Labour and Industry in Australia from the First Settlement in 1788 to the Establishment of the Commonwealth in 1901, Volume 2
General Books LLC, 2009 - 368 pages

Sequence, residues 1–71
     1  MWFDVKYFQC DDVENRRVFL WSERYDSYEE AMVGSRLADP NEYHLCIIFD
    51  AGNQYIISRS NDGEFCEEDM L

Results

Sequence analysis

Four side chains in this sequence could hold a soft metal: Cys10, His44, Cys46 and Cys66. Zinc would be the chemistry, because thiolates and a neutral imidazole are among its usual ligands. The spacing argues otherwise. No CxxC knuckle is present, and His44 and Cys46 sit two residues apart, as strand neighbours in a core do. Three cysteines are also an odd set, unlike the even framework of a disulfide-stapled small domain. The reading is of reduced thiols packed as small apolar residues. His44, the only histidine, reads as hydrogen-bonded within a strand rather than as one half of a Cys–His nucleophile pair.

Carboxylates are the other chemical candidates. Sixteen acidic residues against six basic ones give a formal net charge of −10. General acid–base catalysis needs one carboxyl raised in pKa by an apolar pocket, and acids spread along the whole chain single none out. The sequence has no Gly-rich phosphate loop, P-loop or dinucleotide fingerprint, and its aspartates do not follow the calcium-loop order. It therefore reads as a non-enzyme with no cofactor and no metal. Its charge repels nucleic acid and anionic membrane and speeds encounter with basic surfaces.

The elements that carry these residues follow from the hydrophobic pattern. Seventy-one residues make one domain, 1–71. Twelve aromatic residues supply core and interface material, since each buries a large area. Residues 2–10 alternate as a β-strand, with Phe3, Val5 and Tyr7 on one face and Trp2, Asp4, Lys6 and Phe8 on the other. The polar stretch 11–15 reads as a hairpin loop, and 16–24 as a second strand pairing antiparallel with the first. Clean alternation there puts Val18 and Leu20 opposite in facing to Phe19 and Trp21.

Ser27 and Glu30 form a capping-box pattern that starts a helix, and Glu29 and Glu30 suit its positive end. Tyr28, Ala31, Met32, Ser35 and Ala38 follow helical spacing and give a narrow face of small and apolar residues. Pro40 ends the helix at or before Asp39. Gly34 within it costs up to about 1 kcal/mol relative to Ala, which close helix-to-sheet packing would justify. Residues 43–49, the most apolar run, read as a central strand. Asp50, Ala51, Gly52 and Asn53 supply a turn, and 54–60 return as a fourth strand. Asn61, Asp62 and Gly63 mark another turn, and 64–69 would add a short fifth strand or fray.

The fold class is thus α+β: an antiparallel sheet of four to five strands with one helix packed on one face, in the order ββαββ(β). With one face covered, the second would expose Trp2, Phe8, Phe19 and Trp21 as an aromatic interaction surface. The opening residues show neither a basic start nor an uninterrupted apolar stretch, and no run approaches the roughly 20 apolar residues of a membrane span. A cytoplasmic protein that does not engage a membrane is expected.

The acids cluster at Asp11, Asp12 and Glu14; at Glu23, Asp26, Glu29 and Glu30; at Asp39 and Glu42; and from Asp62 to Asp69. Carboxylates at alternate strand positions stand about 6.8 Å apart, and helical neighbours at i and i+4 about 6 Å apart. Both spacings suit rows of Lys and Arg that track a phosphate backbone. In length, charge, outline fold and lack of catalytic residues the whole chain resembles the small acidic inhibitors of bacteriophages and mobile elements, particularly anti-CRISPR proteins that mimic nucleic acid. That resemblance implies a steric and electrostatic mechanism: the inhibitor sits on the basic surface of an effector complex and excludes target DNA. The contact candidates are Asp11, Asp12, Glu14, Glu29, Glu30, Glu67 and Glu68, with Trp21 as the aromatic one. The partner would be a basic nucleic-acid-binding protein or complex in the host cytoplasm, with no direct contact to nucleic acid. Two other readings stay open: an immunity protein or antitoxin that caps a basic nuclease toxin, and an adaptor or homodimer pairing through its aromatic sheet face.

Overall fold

This historic book may have numerous typos and missing text. Purchasers can download a free scanned copy of the original book (without typos) from the publisher. Not indexed. Not illustrated. 1918. Excerpt: ... VII WAGES AND CONDITIONS OF LABOUR New South Wales At the beginning of 1851 the industrial condition of New South Wales was rather better than at any time since the crisis of 1842-43, but wages were low and employment hard to obtain, except by agricultural labourers and shepherds. The proclamation of the gold discoveries in April 1851 produced an immediate change. Mechanics and workmen of all descriptions abandoned their occupations in large numbers in order to seek for gold, and in all the more important trades wages rose about one-third, the subordinate officials in the public service sharing in the general improvement. Before the discovery of gold the ordinary wage of a mechanic engaged in the building trade was 4s. 6d. a day. Within a few months after that discovery, the immigration agent made the following returns of daily wages for men employed in Sydney: Men belonging to these trades, when working in the country districts and paid by the year, received from 45 to 55 with rations and hut accommodation, as compared with 30 previously; farm labourers and shepherds were paid 18 to 24, with rations, etc., as against 16 to 19. The first rush to the Lewis Ponds and Summerhill Creek comprised all sorts and conditions, some fit, but many more unfit, for the work of gold-seeking. A short trial convinced them that the digging out of the alluvial deposits, the washing and cradling, meant arduous and continuous labour, and that only the physically robust were likely to succeed. There was from the first a constant stream of persons returning from the goldfields, and the volume of these greatly increased as the winter approached: so that, in spite of constant fresh arrivals, the population actually on the fields did not g...
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